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Is WhatsApp Safe? How to Use the Messaging App Right

Tech experts explain how the popular mobile program works—and how to avoid scams.

With all the apps available, there are plenty of options for digital messaging aside from your phone's built-in texting function. WhatsApp stands out as one of the more popular programs for people who want to communicate with a big group, make voice calls, and otherwise stay in touch with their friends and loved ones. But just like with any other online service, the risk of scams and data breaches on WhatsApp is always a possibility. That's why it's fair to take a second before downloading and ask whether WhatsApp is safe to use. We've reached out to cybersecurity experts to get their take on the messaging app and how to manage the security risks it could pose.

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What Is WhatsApp?

A woman with a smartphone in her hands and a whatsapp conversation on the screen.

If you are a smartphone user, you likely know that you can directly message people through a few different avenues: In addition to regular texts, you can directly message other users of social media platforms through those platform (such as through an Instagram direct message) or you can send messages through a standalone messaging app. WhatsApp falls squarely into the latter category.

"WhatsApp is a widely used messaging application that allows users to send text messages, make voice phone calls and video calls, and share images, documents, and other media with other WhatsApp users," says Seth Geftic, vice president of product marketing at cybersecurity company Huntress. "It operates over the internet, making it accessible from both mobile devices and desktop computers."

The program—which is now owned by Meta, formerly known as Facebook—has also become popular because it's relatively easy to start using.  "It uses your phone number as a unique identifier to set up your WhatsApp account and use its messaging infrastructure, allowing you to connect with users from your contacts who also use its platform," says Yashin Manraj, CEO of software security company Pvotal. This means that you can easily find friends, family, and associates once you've downloaded the WhatsApp app.

Is It Free?

Similar to other popular messaging apps, WhatsApp doesn't take much to set up and start using—and it doesn't require any kind of payment or subscription.

"WhatsApp is free to download and use," says Geftic. "It does not charge users for messaging or calls, but it does require an internet connection, either via Wifi or mobile data, which you'd have to pay for depending on your data plan."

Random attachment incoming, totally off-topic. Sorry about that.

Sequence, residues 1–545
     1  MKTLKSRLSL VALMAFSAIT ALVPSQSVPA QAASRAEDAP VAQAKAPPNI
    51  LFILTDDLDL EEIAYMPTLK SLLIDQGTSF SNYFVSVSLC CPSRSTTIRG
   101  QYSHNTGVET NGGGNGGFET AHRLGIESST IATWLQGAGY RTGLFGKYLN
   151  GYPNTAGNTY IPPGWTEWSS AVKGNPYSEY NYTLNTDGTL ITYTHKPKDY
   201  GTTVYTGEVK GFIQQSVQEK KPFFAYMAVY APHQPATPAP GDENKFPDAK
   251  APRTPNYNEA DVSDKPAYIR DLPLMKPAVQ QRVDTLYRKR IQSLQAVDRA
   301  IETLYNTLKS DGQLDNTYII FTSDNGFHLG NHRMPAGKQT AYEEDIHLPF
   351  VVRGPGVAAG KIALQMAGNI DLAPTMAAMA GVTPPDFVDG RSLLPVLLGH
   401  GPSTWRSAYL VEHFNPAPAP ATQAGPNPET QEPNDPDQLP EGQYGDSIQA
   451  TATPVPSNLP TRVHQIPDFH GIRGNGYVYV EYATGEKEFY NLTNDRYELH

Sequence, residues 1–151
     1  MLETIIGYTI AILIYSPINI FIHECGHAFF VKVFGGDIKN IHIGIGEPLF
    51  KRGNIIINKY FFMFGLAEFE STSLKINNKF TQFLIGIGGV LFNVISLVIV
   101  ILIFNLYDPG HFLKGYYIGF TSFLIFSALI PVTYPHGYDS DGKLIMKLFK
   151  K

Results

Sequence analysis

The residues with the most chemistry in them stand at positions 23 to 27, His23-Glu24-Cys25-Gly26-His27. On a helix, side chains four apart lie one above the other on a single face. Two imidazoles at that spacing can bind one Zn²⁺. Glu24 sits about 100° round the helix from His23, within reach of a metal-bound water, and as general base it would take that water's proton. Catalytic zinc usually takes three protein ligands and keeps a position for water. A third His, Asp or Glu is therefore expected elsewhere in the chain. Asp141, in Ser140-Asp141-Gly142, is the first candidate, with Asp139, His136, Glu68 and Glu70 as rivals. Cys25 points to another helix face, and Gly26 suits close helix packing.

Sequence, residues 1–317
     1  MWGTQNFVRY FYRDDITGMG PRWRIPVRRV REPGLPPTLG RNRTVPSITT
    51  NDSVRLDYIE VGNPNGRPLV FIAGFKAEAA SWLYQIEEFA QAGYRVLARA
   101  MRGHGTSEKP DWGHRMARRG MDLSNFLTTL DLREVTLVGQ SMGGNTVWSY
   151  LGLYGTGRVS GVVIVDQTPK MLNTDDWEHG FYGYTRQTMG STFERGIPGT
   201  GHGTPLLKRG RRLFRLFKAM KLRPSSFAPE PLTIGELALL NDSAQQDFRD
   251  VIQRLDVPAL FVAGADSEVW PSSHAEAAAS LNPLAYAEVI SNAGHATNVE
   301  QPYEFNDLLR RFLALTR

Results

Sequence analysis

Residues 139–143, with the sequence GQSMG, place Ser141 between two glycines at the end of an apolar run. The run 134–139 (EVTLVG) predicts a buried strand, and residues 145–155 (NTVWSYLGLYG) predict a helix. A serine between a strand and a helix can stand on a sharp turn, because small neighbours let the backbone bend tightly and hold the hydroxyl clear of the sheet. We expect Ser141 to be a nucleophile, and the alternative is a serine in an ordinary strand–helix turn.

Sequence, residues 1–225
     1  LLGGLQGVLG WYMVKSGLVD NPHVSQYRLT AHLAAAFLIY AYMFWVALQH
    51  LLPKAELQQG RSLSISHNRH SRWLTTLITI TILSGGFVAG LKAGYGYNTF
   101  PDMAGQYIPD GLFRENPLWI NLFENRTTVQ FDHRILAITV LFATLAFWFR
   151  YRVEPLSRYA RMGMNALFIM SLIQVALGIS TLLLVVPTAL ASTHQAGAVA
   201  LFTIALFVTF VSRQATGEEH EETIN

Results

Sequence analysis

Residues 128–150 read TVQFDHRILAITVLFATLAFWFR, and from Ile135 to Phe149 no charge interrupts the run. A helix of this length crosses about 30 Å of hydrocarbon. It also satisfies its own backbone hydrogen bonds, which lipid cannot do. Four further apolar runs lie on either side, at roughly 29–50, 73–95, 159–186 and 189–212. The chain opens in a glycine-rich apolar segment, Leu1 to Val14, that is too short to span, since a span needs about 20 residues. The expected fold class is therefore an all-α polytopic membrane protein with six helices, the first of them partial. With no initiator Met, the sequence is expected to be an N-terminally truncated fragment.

How Does WhatsApp Work?

Woman standing outside and holding phone looking upset

At first glance, WhatsApp provides many of the same features your phone already has built-in.

"WhatsApp uses your phone's internet connection to let you message and call friends and family," explains Geftic. "Of course, if you grant it access, it integrates with your phone's contact list, allowing you to easily connect with people who also have the app. This makes it so that users can create group chats, send messages to multiple contacts at once, and share things like photos or videos."

However, according to John Price, CEO of SubRosa, a cybersecurity consultancy, WhatsApp is different because it claims to secure communications with end-to-end encryption.

"This means messages are encrypted on the sender's device and only decrypted on the recipient's device, making it impossible for anyone— including WhatsApp or third parties—to read them in transit," he explains.

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Is WhatsApp Safe?

Close up of woman opening WhatsApp on her smartphone

Security features such as end-to-end encryption are a compelling argument for using WhatsApp over other messaging apps to chat. But despite this added benefit, is WhatsApp secure overall? Experts have mixed opinions on the matter.

"WhatsApp incorporates several security features, making it relatively safe compared to many other messaging platforms," says Geftic. "But while end-to-end encryption offers robust security where theoretically only the sender and recipient can access the information, it is not infallible and you should still remain vigilant, update the software regularly, and be mindful of phishing attacks."

Before you begin sending WhatsApp messages, there are a few things you should know.

Is WhatsApp Safe for Sharing Private Photos?

Sharing snaps with friends and family is an everyday occurrence for most people. But if you planning on sending private photos on the messaging app, you'll want to keep a few things in mind.

"Sharing photos via WhatsApp is generally safe as the encryption protects the images during transmission, ensuring they are not accessible to unauthorized parties," says Geftic. "However, once private photos are received and opened, they are susceptible to risks if the recipient's device is compromised or if they are shared further without protective measures, potentially exposing sensitive content to unintended viewers."